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Commemorative Plaques Record Details

G S McLennan (1883 - 1929)

Picture of the Palque

Location : 2 Bath Street

Area : Central Aberdeen

Plaque Type : Yellow

About G S McLennan : George Stewart McLennan was born on 9 February 1883 at 105 St Leonard Street, Edinburgh into a leading piping family in Scotland. He was a child prodigy, playing before Queen Victoria by royal command at the age of ten and winning amateur competitions while barely into his teens. G. S. McLennan was noted for his melodious pipe and outstanding technique and his style as a composer was highly original and inventive.

Alarmed by McLennan's ambition to become a sailor, his father enlisted him as a boy piper in the 1st Gordons in October 1899. By 1905 he was pipe-major, one of the youngest ever in the British army. He served in Cork, in Aldershot, and in Colchester where, on 3 April 1912, he married Nona Lucking. They had two sons, George (1914–1996) and John (1916–1940).

McLennan was stationed at the Gordons' depot at Aberdeen from 1913 until early in 1918, when he joined the 1st battalion in France as a Lewis gunner. Although military service restricted his opportunity to compete, he won all the top awards, including the gold medal at the Argyllshire Gathering in 1904, the gold medal at the Northern Meeting at Inverness in 1905, and the clasp, the highest award for ceòl mór, in 1909, 1920, and 1921.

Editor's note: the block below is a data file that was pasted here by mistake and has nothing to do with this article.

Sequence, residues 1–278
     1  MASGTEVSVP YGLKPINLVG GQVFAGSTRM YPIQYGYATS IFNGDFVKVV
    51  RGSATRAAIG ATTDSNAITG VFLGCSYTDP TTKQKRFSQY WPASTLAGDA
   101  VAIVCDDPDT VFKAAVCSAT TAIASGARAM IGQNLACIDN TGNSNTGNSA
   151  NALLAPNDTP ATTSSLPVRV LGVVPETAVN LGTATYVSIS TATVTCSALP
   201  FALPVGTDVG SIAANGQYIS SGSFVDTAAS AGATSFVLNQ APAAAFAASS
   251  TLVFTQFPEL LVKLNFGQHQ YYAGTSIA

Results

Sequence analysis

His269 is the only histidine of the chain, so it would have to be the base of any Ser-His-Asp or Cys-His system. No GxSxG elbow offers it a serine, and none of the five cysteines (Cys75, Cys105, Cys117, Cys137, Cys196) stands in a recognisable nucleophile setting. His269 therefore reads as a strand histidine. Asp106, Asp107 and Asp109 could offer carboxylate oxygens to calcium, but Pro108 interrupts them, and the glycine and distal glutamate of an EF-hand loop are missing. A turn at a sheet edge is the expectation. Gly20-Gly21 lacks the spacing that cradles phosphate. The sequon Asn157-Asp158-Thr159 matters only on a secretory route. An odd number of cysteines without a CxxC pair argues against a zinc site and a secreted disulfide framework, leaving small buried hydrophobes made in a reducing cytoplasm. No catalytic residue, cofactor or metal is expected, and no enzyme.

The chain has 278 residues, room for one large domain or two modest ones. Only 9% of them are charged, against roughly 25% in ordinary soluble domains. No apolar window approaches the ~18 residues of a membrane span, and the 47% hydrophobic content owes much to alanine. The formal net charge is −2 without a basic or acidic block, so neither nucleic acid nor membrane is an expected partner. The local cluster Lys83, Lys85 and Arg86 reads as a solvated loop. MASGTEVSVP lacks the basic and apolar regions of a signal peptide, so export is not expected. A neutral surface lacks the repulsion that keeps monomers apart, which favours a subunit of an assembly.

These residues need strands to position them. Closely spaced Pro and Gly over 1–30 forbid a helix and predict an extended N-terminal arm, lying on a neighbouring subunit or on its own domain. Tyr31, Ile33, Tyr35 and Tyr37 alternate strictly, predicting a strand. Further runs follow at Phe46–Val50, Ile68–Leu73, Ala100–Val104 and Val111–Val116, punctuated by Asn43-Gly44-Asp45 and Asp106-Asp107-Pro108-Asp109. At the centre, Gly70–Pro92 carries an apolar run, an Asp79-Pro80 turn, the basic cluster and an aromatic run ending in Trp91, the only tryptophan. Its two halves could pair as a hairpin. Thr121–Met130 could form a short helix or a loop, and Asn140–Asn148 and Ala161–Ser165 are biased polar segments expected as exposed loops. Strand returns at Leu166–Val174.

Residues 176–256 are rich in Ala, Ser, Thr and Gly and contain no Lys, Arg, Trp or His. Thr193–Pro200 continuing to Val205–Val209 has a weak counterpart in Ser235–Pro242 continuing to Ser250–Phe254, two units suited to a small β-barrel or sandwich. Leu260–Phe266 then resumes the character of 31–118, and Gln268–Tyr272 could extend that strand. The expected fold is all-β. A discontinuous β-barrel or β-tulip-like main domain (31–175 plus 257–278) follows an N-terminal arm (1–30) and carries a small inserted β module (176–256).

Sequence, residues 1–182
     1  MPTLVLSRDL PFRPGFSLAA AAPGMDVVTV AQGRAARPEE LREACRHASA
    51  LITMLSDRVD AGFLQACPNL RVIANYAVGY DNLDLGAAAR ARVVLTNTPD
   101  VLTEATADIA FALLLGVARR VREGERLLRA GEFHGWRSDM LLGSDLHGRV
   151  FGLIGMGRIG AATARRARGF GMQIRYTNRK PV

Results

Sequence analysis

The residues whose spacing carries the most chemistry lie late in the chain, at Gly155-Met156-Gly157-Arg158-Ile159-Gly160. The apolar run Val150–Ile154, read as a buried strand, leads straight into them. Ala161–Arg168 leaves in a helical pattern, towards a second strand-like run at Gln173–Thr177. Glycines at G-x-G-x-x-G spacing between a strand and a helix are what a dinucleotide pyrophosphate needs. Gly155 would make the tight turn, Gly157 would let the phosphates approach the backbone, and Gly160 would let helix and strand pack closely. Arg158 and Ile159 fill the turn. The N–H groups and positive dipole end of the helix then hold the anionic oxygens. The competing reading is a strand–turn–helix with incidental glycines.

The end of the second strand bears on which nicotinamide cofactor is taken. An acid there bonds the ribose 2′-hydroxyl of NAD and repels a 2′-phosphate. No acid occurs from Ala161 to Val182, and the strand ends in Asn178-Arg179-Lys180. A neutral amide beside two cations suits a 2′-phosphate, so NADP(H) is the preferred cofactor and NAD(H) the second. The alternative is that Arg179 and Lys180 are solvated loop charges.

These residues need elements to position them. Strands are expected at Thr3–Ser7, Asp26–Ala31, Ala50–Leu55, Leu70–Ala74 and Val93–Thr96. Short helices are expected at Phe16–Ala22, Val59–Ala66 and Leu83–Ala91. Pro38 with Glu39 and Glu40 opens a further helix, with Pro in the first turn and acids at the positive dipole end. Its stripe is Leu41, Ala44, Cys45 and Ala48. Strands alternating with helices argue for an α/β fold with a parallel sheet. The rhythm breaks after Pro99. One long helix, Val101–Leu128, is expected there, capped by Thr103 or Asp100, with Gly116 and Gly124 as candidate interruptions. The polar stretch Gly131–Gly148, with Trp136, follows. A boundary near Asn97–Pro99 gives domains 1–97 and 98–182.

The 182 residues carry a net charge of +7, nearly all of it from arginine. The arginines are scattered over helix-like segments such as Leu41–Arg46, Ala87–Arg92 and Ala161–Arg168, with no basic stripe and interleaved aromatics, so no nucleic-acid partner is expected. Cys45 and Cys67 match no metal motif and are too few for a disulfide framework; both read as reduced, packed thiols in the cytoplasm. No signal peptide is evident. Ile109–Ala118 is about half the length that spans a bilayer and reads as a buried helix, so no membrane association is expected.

On retiring from the army in 1921, McLennan set up as a bagpipe maker at 2 Bath Street, Aberdeen. He was the focus of a lively musical circle in the city which included the fiddle virtuoso James Scott Skinner (who dedicated a march tune 'The Gordon Highlanders' to him) and the prominent piping judge Alfred E. Milne.

As a result of war service he developed a serious lung condition and died shortly before midnight on 31 May 1929 at his home at 48B Powis Place, Aberdeen. At McLennan's funeral on 4 June the gun carriage was preceded by forty pipers, and 20,000 people lined the route to Aberdeen station.

Sponsor : Fred D McKay